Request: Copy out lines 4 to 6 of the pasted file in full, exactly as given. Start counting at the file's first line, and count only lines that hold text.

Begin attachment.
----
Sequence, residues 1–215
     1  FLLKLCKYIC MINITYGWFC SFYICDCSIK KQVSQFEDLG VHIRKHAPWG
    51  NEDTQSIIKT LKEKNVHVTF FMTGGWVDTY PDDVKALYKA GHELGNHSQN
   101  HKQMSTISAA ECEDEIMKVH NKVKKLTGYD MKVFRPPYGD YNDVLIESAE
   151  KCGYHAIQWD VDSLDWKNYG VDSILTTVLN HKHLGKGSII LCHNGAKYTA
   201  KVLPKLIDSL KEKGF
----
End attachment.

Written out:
   101  HKQMSTISAA ECEDEIMKVH NKVKKLTGYD MKVFRPPYGD YNDVLIESAE
   151  KCGYHAIQWD VDSLDWKNYG VDSILTTVLN HKHLGKGSII LCHNGAKYTA
   201  KVLPKLIDSL KEKGF